What is Extraordinary Item
An extraordinary item consists of gains or losses included on a company's income statement from events that are unusual and infrequent in nature. Extraordinary items are usually explained further in the notes to the financial statements, and they are the result of unforeseen and atypical events. Companies show an extraordinary item separately from their operating earnings because it is typically recorded as a one-time charge or income, and it is not expected to recur in the future.
BREAKING DOWN Extraordinary Item
Extraordinary items, also referred to as non-recurring items, represent income or loss from extraordinary events and transactions that must be separately classified, presented, and disclosed on companies' financial statements. Before 2015, companies put a lot of effort into determining if a particular event should be deemed extraordinary. Gains and losses net of taxes from extraordinary items had to be shown separately on the income statement after income from continuing operations. However, in January 2015, U.S. generally accepted accounting principles (GAAP) were changed, and the concept of extraordinary items was eliminated to reduce the cost and complexity of preparing financial statements. Companies must still disclose infrequent and unusual events but now without designating them as extraordinary.
Definition of an Extraordinary Item
An event or transaction is deemed extraordinary if it is both unusual and infrequent. An unusual event must be highly abnormal and unrelated to the typical operating activities of a company, and it should be reasonably expected not to recur going forward. It was common for some businesses to not have this line item presented for years.
Besides segregating the effect of extraordinary items on the income statement, companies were required to estimate income taxes from these items and disclose their earnings-per-share (EPS) impact. Examples of extraordinary items are losses from various catastrophic events, such as earthquakes, tsunamis, and wildfires. While designating and estimating the effect from certain extraordinary events (e.g., fires) was easy, other events with an indirect effect on companies' operations were much more difficult for chief financial officers (CFO) to assess.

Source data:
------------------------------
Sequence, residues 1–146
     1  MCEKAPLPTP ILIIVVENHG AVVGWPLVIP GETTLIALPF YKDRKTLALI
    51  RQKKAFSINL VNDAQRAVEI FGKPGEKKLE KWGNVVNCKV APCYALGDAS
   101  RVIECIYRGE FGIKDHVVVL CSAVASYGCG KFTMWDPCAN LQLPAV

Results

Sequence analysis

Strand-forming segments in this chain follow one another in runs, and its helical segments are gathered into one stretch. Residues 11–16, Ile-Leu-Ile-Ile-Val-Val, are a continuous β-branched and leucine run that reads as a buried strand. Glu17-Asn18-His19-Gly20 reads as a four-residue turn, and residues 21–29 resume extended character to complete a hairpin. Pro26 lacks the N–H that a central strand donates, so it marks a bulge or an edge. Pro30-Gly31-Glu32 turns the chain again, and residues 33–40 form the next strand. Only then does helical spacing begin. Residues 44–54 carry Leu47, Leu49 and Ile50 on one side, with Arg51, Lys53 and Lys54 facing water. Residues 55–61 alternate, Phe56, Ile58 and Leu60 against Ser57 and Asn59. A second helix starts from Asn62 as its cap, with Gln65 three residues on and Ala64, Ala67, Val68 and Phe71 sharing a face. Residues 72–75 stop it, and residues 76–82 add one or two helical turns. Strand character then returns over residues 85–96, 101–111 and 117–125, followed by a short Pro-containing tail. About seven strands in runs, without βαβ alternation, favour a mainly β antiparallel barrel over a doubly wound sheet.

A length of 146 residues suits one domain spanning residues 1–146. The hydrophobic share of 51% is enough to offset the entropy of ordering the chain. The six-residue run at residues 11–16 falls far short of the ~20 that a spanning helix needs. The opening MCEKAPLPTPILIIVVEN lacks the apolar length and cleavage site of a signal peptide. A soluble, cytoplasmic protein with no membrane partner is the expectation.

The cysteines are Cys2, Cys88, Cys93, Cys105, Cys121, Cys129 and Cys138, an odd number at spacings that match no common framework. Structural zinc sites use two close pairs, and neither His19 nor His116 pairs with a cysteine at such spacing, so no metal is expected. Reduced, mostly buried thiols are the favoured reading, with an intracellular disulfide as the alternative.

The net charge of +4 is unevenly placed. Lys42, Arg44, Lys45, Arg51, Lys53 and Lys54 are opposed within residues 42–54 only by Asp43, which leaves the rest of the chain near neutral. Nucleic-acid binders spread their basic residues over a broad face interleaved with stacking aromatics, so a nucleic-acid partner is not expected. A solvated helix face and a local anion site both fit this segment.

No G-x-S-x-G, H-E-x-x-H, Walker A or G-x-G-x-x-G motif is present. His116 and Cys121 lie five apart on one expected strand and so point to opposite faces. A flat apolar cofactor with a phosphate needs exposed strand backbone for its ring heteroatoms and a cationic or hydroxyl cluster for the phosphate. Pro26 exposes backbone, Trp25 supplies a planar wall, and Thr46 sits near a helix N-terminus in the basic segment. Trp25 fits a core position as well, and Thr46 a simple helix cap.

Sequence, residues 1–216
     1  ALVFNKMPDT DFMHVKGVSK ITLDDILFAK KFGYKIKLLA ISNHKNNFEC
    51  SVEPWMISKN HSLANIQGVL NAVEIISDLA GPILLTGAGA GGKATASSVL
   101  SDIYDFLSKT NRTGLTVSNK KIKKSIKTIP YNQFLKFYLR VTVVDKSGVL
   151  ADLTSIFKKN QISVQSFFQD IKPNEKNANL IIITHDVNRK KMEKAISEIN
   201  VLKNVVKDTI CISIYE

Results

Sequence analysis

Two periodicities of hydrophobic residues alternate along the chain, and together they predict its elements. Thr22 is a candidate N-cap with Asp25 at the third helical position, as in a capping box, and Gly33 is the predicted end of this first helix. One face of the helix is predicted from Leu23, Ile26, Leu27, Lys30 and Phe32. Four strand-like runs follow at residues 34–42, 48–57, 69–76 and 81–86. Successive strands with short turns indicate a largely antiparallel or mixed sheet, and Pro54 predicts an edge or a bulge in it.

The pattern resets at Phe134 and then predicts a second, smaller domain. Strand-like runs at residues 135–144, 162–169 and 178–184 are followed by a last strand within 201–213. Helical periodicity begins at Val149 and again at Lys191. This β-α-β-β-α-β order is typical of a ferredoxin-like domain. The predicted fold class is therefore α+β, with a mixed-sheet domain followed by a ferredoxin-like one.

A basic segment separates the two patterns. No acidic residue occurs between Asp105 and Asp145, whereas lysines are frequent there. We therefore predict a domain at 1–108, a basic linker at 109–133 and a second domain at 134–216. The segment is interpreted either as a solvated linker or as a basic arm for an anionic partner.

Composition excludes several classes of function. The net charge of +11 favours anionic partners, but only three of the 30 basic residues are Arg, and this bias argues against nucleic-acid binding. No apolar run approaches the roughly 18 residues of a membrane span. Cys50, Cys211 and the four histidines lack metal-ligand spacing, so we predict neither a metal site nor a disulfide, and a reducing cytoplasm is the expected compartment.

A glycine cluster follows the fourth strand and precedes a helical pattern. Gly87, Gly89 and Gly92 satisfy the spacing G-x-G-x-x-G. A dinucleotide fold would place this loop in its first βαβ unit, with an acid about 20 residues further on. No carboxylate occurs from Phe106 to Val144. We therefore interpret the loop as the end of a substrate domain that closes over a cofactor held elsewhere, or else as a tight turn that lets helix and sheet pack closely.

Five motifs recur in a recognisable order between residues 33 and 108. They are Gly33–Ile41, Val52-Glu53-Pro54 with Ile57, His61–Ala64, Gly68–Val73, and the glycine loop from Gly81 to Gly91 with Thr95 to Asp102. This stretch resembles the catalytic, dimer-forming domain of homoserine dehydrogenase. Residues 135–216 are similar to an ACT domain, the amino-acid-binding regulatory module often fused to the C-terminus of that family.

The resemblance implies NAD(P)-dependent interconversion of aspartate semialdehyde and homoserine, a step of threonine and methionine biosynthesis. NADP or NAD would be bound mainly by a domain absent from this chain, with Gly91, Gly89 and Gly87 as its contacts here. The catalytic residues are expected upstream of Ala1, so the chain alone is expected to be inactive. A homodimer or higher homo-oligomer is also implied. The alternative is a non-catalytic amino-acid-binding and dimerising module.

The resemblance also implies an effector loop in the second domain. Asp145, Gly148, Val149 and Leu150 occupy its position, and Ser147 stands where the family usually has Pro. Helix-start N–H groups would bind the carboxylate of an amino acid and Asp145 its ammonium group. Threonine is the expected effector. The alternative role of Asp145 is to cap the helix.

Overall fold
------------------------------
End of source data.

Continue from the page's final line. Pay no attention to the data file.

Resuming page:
Elimination of Extraordinary Item Concept
In January 2015, a new accounting standards update eliminated the idea of extraordinary items. This alleviated the need for companies and their auditors and regulators to assess if an extraordinary item had been classified and disclosed appropriately starting in the fiscal year of 2015. Also, companies are no longer required to evaluate the income tax effect of extraordinary items and present an EPS effect. This accounting update left reporting and disclosure requirements for unusual and infrequent events or transactions intact. While companies no longer must entitle events and their effects as extraordinary, they still have to disclose infrequent and unusual events on the income statement and their effect before income taxes. Also, GAAP allows companies to give these events more specific names, such as "Effects From Fire at Production Facility." The International Financial Reporting Standards (IFRS) do not include extraordinary items in their accounting practices.